The Most Dangerous Wargame

September 30, 2013 at 12:05 am Leave a comment

Just about everyone reading this has probably heard of the game ‘capture the flag’ before. Most people have participated in this traditional run-and-tag field game, it’s simple and timeless; just about all of the rules you need to know are explained in its name. Given its simplicity and ubiquity, the game of capture the flag is easy to adapt for different situations, and has taken on many different forms over the years — of particular interest is the game’s interpretation by the network security community.


In network security, games of capture the flag are used as a form of recreation, training, and sometimes even recruitment. Games of capture the flag played in the security community, as you might expect, play a bit differently than their namesake would suggest. They also come in a few different varieties.


The less common variant of network security capture the flag also happens to be the more recognizable. This variant is referred to as ‘attack and defense’. An ‘attack and defense’ game pits two teams of players against each other on identical, pre-constructed computer networks, each with a string of characters referred to as the ‘flag’ hidden somewhere within one of the machines. The goal is to hack into the other team’s network and acquire the ‘flag’, while at the same time securing your own team’s network from invasion.


‘Jeopardy’ style variants are far more common, and can support thousands of teams of players simultaneously. In a ‘jeopardy’ style game, contest organizers design elaborate challenges that can only be solved by utilizing skills that are important for network security professionals to possess. These challenges are organized by category and difficulty, with more difficult challenges offering more points — much like a Jeopardy board. Unlimited amounts of teams can compete online to score the most points and secure their victory. Competitions like these are designed with different skill levels in mind, which makes them conducive to beginning players with little experience. A simple challenge would look like this:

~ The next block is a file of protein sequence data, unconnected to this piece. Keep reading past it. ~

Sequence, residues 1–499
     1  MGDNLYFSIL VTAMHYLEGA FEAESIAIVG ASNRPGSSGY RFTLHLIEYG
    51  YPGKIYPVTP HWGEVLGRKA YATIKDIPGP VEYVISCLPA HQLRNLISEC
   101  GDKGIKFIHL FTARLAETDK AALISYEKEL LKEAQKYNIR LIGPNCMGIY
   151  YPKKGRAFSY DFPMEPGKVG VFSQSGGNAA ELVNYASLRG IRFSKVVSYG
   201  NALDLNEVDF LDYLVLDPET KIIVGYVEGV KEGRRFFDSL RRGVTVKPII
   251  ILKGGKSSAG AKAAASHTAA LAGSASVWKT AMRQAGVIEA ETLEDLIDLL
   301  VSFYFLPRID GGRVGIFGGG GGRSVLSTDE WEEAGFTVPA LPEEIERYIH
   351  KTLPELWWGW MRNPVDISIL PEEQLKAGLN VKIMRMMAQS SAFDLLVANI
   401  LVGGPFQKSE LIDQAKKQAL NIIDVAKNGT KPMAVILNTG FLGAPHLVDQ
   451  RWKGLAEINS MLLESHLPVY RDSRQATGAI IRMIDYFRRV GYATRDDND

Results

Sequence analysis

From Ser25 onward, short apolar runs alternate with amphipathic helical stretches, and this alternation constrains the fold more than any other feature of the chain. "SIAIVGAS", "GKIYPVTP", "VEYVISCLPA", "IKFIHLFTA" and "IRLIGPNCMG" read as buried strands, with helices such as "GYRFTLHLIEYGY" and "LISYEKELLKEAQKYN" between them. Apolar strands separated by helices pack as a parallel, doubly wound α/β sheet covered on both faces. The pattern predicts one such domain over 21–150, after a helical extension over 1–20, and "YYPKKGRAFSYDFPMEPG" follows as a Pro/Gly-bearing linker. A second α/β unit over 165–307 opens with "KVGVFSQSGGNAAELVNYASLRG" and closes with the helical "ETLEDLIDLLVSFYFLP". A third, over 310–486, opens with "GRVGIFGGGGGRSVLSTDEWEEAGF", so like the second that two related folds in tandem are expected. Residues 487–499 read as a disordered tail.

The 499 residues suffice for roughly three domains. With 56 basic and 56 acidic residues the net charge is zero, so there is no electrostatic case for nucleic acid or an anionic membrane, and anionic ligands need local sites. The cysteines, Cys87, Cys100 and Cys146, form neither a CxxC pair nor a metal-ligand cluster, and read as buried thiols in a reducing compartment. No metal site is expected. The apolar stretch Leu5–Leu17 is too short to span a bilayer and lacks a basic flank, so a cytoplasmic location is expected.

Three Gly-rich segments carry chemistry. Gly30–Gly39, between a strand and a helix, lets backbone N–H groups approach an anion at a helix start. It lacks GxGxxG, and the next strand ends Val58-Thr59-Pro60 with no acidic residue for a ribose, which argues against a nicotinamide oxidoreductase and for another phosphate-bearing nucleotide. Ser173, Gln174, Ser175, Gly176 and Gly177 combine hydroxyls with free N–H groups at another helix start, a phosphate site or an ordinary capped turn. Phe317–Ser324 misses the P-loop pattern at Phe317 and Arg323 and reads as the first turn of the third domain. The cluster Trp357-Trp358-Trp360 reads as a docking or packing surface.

After reading about string encoding methods and searching around for ways to decode such strings, you might try running that string through a base-64 decoder like this one which would reveal the flag.


More complicated challenges might see you recovering secret messages encoded in images, SQL injecting web applications, writing a buffer overflow for an executable file or any combination of various skills and techniques. If any of those sound foreign to you, another unspoken tradition of capture the flag competitions is for competitors to post detailed explanations online about how they solved challenges, after the competition is complete. This way, less experienced competitors can learn and advanced competitors can use such published material to attract potential employers.

In the end, the philosophy of these competitions is this: be a hacker. To think like a hacker is a positive and desirable trait. A ‘hacker’ mindset is a mindset of creative problem solving; an important skill not just in network security, but in almost any profession.


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